One of the mysteries of the English language finally explained.
(of an animal) poisoned as a result of eating the Darling pea, a poisonous plant of South Australia, Queensland, and New South Wales.‘the pea-struck sheep rarely recovers’
- ‘The pea-struck sheep rarely recovers its normal tone.’
- ‘The plants rarely occur in sufficient quantity to cause animals to become pea struck.’
- ‘Pea-struck sheep can readily be detected by their wasted condition, exaggerated movements, trembling, and unsteady gait.’
- ‘I'd heard of horses getting pea-struck from eating Darling pea in the West Darling country, but that's hundreds of miles away.’
- ‘Should sheep graze extensively on these species, they develop a condition known as "pea struck" or "loco disease".’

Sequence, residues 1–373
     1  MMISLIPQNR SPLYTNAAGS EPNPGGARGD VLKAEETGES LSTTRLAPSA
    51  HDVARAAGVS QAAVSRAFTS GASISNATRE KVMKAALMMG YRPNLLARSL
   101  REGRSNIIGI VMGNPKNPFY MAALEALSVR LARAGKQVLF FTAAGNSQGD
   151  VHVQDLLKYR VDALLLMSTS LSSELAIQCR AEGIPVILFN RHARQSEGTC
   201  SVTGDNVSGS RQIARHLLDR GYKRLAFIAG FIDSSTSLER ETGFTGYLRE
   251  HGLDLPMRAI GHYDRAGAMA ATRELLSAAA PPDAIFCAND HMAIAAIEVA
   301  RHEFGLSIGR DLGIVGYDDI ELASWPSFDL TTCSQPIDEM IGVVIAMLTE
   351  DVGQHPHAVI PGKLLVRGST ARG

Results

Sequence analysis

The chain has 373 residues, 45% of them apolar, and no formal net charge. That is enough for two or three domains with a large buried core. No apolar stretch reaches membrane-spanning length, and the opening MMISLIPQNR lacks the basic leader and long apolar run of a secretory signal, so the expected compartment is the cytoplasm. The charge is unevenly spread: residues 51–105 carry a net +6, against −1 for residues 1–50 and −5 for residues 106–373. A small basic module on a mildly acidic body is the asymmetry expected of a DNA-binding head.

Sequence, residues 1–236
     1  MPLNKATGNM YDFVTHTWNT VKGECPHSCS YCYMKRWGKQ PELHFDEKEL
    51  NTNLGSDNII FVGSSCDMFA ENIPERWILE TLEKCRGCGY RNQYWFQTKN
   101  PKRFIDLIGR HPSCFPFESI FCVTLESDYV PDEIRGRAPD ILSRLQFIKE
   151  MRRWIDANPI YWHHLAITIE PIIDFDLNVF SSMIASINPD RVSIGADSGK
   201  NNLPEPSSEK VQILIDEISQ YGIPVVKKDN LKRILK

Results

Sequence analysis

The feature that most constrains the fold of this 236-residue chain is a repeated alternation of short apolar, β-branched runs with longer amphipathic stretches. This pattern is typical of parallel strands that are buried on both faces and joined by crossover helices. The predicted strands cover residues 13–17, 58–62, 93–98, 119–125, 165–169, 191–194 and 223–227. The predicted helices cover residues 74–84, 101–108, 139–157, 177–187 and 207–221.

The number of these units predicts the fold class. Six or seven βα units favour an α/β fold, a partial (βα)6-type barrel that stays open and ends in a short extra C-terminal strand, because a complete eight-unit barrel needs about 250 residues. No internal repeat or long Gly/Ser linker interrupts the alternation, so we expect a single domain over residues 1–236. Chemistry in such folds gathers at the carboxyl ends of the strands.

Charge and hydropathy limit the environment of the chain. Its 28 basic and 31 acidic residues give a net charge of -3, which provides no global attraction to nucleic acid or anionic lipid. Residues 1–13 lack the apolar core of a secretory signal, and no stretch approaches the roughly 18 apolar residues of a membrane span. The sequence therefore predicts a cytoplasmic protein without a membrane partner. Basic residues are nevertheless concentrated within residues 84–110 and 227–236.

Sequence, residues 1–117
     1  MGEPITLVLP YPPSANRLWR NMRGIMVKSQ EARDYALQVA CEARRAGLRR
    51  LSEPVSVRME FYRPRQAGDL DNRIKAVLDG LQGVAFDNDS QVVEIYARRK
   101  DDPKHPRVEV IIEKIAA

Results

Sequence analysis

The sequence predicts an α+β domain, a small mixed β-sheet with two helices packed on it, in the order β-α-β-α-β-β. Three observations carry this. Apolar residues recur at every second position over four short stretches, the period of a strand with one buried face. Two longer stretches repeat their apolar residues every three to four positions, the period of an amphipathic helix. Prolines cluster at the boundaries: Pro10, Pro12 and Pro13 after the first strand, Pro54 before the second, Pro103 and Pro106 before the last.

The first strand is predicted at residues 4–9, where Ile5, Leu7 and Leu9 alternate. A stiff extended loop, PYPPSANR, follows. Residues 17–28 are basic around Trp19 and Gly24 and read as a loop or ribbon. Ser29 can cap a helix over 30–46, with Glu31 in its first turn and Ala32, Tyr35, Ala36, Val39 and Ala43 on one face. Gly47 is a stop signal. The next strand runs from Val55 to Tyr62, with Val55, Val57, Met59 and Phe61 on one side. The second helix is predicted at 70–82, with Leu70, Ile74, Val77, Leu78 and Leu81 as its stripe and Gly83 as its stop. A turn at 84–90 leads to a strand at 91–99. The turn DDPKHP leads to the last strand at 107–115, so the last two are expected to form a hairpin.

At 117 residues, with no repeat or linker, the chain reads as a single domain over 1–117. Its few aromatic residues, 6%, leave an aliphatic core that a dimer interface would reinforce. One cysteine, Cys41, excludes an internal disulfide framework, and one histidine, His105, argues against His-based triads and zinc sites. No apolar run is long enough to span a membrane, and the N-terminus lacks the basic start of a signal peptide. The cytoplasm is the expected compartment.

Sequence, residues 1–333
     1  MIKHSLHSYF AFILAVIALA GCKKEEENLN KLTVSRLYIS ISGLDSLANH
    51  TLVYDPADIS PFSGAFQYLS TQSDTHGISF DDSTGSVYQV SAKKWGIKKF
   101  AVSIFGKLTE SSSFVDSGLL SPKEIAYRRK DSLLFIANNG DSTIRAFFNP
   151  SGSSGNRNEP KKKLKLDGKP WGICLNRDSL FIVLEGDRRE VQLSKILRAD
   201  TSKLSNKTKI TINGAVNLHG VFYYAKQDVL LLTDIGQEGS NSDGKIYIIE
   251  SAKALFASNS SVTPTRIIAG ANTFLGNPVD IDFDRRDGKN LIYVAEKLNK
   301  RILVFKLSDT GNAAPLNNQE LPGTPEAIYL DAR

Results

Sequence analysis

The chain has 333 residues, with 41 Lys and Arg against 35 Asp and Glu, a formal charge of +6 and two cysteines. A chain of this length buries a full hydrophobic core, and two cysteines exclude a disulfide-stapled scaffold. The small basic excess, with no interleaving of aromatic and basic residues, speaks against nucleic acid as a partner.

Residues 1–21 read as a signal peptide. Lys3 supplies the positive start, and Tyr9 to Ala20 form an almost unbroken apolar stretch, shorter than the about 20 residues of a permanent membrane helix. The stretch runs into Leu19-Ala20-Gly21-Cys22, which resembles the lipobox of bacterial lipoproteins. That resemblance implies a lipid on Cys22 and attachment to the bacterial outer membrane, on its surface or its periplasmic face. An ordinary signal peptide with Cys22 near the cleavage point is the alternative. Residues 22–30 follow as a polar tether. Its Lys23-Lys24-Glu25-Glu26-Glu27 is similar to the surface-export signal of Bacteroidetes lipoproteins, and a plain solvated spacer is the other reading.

- ‘He suggests that any animals that are pea-struck at this stage will probably recover if moved to clean paddocks.’
- ‘The typical symptoms of pea-struck sheep have been described by Hurst.’
- ‘Animals (sheep, cattle, and horses) become pea-struck after grazing this species for some time, and at this stage develop a craving for it.’
- ‘Grown wethers brought on to his property from New England had not shown any symptoms of being pea-struck at the end of seven months.’
- ‘One big, rangy wether—which David thought was probably pea-struck—ran straight at the dog.’
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